What are the things that keep analytics professionals awake at night? Why are we here? Clearly, analytics professionals have the best of opportunities, but how can they make the most of it?
Ashish Sharma, Co-Founder and COO at BRIDGEi2i Analytics began his talk on the subject ‘AI – Analytics Made Invisible’ with these questions at Cypher 2017, India’s most exciting Analytics summit.
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Just a over a decade ago, analytics was the esoteric buzzword that a few businesses started using to address their critical business problems around growth, cost, risk and more. As analytics became a competitive differentiator for business transformation, and as data started becoming more pervasive and invasive, new innovations came into play. New applications, new buzzwords, new data streams.
AI = Analytics Invisible:
Sharma explained that most analytics professionals may have had their projects revolve around one of the following points, at one time or another:
- Interaction or engagement between businesses and customers
- Monitoring assets, transactions and resources
- Prevention of extra costs, abuse of resources, data leaks, fraud
- Increasing growth
“These are some of the actions that we as analytics professionals want to invariably undertake,” he said.
Sharma added that what’s really changing is not the business problems or its transformational needs, but it is the data which is changing the shape and size to take digital dimensions. And we are giving the solutions a new name today, Artificial Intelligence (AI). But even as AI becomes increasingly pervasive in the future, the fact is, AI is nothing but a part of Analytics.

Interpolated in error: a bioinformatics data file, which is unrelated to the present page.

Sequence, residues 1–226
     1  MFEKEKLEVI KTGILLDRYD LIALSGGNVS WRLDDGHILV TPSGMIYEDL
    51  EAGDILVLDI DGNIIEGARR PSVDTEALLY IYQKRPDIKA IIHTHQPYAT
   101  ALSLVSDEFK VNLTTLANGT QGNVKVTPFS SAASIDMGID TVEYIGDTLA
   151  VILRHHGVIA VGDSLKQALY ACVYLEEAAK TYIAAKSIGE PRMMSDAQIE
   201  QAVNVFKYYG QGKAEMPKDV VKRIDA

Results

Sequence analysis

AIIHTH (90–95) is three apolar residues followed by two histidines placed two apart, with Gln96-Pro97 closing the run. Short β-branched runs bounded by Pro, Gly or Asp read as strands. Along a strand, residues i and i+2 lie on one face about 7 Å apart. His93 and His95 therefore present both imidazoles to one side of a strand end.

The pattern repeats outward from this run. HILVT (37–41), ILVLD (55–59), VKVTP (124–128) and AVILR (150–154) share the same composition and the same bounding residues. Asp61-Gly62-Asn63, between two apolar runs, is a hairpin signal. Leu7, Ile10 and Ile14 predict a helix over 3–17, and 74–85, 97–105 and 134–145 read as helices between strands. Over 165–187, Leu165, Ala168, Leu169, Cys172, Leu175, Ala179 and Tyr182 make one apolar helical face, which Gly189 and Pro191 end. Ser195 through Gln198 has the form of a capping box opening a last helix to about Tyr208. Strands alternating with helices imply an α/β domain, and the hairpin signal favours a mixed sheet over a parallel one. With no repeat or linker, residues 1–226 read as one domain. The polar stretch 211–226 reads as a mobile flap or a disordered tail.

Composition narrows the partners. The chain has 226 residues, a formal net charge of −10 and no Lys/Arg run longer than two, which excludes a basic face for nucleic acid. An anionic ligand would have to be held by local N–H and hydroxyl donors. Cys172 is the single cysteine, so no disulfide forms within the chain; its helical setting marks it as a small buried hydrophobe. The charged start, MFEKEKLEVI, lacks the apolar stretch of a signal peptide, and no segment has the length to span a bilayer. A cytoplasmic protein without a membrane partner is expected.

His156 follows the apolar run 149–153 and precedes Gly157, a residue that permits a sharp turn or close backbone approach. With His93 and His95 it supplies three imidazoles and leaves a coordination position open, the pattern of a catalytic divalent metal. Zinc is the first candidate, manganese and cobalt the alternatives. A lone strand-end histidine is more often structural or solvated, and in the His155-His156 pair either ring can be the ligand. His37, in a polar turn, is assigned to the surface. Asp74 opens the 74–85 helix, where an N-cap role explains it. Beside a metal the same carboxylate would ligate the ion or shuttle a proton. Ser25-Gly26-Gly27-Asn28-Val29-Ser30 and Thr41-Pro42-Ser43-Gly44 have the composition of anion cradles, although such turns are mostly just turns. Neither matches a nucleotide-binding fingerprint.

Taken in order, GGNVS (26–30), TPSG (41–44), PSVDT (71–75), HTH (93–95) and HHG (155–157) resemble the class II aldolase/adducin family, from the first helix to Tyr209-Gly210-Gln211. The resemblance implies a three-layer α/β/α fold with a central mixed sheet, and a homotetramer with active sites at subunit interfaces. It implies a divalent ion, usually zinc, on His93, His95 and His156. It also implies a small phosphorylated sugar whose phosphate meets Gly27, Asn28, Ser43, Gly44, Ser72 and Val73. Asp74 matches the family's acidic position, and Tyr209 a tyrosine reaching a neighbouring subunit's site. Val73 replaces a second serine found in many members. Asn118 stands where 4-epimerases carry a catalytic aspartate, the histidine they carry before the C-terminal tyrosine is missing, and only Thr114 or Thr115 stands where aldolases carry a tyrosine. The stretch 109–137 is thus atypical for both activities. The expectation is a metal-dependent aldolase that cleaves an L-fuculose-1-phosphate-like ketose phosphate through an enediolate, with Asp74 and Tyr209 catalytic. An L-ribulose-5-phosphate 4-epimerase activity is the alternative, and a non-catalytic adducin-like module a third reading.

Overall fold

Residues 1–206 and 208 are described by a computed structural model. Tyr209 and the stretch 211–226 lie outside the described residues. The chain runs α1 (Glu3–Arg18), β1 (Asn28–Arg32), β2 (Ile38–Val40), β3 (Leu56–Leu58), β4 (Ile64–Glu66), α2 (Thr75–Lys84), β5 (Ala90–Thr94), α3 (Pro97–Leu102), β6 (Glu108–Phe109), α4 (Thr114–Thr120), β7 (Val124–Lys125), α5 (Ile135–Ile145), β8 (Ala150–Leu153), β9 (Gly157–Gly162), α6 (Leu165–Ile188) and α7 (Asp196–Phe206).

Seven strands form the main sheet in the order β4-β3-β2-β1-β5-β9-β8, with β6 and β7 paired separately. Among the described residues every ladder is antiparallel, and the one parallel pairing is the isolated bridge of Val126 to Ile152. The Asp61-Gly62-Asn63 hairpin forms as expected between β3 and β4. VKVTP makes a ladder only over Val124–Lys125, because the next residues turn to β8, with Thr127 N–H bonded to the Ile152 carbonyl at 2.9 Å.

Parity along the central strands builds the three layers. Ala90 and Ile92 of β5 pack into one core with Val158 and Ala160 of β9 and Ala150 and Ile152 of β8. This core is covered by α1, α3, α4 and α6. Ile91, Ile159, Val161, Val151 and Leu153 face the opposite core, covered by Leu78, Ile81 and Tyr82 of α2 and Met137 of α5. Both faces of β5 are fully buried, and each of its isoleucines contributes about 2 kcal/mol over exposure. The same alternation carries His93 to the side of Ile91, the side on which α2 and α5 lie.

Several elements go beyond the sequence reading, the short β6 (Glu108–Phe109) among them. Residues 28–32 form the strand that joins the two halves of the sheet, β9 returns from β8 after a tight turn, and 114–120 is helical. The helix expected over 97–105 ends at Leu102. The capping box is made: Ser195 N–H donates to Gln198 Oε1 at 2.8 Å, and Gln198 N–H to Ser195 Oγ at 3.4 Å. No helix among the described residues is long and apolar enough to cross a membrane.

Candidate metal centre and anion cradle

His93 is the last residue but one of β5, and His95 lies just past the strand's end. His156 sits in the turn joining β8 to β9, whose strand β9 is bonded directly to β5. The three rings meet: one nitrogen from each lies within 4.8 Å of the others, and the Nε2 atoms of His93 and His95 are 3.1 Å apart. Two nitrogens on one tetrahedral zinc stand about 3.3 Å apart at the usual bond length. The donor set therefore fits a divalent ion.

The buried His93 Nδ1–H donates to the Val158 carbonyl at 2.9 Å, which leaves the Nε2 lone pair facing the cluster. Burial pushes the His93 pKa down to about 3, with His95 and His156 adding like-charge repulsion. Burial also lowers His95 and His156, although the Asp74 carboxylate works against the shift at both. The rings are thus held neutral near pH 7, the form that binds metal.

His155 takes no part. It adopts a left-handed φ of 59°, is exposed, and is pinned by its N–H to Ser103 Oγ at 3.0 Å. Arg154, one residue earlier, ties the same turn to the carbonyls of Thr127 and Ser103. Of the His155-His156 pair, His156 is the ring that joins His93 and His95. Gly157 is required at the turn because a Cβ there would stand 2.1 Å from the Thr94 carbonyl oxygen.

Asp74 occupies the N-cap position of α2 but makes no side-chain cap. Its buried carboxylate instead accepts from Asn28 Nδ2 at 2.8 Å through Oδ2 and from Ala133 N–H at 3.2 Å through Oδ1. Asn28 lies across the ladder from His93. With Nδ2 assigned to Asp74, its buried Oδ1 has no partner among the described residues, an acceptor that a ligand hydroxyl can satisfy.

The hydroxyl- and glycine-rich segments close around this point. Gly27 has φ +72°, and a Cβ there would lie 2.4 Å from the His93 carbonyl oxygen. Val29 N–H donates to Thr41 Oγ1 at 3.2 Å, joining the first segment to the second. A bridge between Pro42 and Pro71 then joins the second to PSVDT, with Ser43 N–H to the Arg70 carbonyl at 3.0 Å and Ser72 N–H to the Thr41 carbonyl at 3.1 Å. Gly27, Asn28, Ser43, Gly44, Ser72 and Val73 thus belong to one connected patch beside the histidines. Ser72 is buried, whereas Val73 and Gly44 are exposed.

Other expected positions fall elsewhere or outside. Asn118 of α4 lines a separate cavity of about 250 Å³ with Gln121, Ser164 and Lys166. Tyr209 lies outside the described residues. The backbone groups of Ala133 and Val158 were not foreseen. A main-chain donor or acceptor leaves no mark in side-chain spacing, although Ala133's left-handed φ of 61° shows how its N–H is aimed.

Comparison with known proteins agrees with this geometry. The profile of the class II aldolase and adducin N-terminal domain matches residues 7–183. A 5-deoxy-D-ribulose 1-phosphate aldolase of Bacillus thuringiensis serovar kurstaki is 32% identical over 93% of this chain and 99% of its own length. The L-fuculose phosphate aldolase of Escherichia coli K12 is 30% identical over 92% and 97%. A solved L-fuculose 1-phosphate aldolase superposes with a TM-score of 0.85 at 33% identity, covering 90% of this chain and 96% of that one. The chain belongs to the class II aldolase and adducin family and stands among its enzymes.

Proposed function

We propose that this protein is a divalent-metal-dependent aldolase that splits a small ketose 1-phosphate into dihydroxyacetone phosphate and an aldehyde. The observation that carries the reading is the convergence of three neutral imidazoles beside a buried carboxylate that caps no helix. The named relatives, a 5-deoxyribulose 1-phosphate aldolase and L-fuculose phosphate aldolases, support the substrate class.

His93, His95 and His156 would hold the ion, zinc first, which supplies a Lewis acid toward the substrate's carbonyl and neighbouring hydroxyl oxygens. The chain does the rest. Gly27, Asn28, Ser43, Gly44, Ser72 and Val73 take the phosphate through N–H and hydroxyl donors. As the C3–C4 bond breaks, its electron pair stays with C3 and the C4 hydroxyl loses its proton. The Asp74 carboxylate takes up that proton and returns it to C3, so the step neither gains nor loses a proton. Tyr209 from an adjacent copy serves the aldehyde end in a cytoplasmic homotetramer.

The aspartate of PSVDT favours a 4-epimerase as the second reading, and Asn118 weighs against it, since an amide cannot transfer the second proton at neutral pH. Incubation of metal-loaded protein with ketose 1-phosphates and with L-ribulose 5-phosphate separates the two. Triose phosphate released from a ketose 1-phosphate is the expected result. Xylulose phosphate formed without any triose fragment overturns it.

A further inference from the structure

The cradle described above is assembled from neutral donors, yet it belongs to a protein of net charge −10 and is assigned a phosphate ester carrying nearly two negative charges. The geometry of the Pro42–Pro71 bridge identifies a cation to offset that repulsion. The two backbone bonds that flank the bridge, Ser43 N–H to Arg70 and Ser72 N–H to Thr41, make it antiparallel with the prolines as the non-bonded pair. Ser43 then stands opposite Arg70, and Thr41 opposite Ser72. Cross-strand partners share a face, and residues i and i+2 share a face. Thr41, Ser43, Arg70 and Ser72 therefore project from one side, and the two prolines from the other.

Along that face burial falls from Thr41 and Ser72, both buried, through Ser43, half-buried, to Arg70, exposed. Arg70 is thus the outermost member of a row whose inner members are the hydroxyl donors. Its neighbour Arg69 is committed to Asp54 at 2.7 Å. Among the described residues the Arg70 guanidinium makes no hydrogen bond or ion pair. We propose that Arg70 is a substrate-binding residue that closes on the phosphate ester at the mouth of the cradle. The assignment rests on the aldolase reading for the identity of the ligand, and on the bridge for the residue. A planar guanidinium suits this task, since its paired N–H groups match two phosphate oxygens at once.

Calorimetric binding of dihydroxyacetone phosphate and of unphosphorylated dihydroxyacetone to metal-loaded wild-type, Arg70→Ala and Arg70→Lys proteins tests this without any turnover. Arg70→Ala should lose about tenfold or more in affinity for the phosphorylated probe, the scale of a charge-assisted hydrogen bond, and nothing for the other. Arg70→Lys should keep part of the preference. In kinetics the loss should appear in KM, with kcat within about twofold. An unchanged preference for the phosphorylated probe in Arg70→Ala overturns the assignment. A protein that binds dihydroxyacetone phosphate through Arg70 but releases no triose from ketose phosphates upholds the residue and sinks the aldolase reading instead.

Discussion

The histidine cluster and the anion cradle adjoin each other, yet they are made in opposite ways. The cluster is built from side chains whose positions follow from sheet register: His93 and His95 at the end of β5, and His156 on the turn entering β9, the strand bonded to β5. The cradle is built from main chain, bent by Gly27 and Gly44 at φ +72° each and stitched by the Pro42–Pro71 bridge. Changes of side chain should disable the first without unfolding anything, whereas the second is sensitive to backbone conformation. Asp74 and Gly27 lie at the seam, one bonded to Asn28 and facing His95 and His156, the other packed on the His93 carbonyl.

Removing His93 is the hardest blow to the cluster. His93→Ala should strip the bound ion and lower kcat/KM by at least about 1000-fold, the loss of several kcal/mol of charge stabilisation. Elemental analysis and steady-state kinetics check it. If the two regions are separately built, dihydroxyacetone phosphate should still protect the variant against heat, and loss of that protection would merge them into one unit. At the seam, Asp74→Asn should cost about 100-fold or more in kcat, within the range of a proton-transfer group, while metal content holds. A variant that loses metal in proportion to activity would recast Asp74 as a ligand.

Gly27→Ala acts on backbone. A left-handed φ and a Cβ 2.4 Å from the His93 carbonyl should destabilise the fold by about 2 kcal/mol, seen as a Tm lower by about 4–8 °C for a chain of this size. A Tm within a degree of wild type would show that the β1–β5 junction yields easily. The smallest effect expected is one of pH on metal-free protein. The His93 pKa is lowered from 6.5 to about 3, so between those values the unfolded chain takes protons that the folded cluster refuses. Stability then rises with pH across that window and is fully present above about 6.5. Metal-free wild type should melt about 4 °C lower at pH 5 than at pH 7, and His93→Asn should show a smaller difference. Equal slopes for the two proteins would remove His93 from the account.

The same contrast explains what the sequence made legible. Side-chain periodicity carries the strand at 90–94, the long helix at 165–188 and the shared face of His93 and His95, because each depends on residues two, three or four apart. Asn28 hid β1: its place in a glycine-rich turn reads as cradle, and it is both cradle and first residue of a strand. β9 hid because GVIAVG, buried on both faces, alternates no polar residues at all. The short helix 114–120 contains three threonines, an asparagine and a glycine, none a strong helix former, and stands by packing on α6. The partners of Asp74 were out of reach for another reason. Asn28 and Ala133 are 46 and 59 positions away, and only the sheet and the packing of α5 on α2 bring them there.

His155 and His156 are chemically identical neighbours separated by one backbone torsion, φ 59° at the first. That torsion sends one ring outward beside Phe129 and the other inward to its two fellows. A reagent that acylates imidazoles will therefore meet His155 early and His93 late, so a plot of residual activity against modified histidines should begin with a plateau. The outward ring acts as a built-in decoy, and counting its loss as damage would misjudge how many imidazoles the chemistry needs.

Sharma explained that AI was not just the chatbot we interact with for booking our flight tickets or the self-driving car we are dreaming of taking a test-drive on. Analytics is the invisible driver behind the self-drive car and the chatbot trainer training the chatbot’s every answer. And that will not change. AI is Analytics Invisible.
Efficiency, Effectiveness, Engagement:
The three pillars of analytics — efficiency, effectiveness and engagement — come from the fact that sometimes analysts need to take a step back and observe their own work. They also need to ask themselves, “What new data can I bring to the table? What new algorithm can I implement here? How can we translate most of it into information?”
Sharma also discussed the fact that these questions and the new approach may not just be the result of “analytics invisible” (AI) where information, insights and impact coming together.
He also talked about how would the data analysts know the customer needs, and with that objective one can start thinking about how social media can help understand customer need through customer experience data, website navigation pattern can tell you something about what the customer is looking for.
“So, I think you should define the need first, define the end objective and then come back. It is not a one day journey; you won’t get the right answer in the first instance. You have to start with some priority in mind and work from there what value you can generate,” said Sharma.